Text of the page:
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USA artistic swimmer Anita Alvarez, who fainted underwater at the World Championships on Wednesday, was prohibited from participating in the final in Budapest on Friday.

Alvarez (center) is pictured congratulating a teammate during the finals on Friday morning.

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Alvarez, 25, fainted and sank to the bottom of the pool after completing her solo routine during the Budapest 2022 World Aquatics Championships on Wednesday.

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She was dramatically rescued by her coach, Andrea Fuentes, who dove into the water and scooped her off the pool floor.

Fuentes, a four-time Olympic medalist in swimming, later said she dove into the water after the lifeguards did nothing to help Alvarez.

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"I think she was at least two minutes without breathing because her lungs were full of water," said Fuentes, adding that the swimmer's heart was beating and her vital signs were OK.

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Alvarez recovered quickly and had planned to participate in the final on Friday after she was cleared medically.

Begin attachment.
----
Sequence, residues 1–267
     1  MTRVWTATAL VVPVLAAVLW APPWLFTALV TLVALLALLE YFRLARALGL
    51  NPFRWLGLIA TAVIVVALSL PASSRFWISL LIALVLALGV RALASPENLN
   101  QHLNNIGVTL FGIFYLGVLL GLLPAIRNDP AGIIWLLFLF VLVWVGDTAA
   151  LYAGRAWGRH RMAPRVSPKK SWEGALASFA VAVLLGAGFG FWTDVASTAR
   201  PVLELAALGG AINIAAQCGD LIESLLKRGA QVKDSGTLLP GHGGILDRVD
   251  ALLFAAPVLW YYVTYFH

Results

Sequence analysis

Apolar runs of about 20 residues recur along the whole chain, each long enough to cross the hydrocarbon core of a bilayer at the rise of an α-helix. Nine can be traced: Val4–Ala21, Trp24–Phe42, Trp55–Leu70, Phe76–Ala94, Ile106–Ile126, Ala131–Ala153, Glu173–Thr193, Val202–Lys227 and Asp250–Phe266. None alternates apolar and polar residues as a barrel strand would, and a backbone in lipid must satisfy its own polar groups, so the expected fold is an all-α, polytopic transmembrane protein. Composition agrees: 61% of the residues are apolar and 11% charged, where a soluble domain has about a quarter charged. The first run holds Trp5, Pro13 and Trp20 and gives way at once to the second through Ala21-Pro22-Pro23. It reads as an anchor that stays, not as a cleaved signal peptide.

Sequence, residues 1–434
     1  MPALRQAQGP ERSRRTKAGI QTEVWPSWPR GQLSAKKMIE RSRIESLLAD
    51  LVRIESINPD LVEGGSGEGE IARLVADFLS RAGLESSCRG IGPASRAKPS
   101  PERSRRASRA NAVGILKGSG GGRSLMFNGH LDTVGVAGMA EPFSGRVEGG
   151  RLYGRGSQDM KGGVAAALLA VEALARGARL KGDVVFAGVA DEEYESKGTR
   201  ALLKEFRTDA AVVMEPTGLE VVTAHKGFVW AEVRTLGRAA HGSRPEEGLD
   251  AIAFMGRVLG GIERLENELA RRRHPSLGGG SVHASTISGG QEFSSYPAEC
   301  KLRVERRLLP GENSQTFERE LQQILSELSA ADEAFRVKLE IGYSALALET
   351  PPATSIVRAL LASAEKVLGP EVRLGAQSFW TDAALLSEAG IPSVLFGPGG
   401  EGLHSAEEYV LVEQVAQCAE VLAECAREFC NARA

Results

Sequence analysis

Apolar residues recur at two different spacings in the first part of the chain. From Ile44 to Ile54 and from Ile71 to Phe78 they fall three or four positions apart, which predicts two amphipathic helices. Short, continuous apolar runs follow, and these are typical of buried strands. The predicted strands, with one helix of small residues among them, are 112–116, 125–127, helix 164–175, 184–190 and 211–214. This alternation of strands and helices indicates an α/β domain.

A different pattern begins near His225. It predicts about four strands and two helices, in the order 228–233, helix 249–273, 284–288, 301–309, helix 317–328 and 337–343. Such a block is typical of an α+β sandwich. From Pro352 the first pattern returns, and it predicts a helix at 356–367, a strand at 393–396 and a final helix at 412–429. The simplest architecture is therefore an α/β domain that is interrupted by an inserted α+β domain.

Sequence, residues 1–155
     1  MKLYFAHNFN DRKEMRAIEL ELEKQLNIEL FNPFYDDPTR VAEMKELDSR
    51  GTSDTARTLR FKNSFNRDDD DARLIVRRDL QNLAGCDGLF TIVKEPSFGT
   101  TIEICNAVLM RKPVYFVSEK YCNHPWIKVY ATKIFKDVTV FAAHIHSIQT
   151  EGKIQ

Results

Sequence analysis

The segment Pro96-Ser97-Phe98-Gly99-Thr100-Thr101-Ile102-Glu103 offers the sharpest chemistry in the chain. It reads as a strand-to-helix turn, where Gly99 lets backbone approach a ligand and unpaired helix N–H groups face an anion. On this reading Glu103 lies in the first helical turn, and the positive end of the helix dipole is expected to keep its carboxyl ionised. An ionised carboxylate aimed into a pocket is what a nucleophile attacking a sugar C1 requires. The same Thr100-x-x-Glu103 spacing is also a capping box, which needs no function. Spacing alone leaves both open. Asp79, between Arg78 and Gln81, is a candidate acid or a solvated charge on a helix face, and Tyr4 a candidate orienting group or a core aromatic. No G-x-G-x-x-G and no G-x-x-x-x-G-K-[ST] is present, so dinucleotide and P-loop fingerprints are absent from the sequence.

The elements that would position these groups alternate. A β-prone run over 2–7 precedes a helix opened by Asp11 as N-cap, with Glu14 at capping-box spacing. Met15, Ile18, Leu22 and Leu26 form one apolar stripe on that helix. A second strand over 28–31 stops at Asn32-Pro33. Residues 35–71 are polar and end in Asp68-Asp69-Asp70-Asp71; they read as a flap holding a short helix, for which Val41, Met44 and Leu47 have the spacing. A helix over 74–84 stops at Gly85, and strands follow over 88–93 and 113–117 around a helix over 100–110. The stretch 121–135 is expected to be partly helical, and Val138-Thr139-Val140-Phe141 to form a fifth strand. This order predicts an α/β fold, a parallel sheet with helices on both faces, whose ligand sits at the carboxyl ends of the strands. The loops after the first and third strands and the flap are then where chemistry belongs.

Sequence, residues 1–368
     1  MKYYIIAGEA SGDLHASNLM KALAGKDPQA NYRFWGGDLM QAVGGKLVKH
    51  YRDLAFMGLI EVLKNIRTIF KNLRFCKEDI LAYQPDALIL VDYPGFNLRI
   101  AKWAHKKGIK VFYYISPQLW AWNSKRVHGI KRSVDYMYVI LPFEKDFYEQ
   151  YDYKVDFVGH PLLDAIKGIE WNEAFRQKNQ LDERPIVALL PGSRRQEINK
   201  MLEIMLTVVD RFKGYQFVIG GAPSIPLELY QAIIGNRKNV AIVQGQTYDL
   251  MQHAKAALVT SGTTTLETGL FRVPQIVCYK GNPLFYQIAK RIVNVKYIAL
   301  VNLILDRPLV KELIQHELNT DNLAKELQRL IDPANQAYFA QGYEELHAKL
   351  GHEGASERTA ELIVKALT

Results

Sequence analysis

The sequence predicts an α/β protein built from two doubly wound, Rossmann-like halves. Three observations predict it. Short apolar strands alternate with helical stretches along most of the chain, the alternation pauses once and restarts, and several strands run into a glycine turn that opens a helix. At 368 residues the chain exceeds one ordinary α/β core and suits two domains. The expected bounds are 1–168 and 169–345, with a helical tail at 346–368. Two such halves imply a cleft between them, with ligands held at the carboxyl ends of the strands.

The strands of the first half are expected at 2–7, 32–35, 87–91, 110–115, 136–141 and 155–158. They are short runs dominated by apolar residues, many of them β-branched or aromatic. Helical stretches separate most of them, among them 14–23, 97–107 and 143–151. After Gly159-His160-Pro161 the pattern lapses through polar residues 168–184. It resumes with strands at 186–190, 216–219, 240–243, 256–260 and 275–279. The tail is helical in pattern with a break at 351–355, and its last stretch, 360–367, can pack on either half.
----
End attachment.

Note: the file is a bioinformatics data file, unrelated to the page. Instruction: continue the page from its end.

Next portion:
In an update on Instagram on Friday, Alvarez wrote, "know that I am okay and healthy! I appreciate all of the messages of support and hope everyone can respect that my team and I still have two more days of competition to be focused on here in Budapest."

She said she hoped people would understand that USA Artistic Swimming and she "have a job to finish" – whether it is in the water or on the sidelines.

However, a FINA official said the swimming organization asked team USA to remove Alvarez from the competition after she underwent a full medical examination Friday morning. The FINA official said he did not know the result of her medical exam.

Alvarez told NBC's "Nightly News" on Thursday that everything went black after she completed her routine.

"And then, I remember going down and just being ... kinda like, 'Uh oh.' Like, 'I don't feel too great.' And, that's the last thing I remember, actually," she said.

Fuentes said she rescued Alvarez during a similar incident last year.

"I've seen it happen to her before," Alvarez's mother told WIVB-TV. "Never in competition, though. I knew right away. On their last element, I could tell something was up."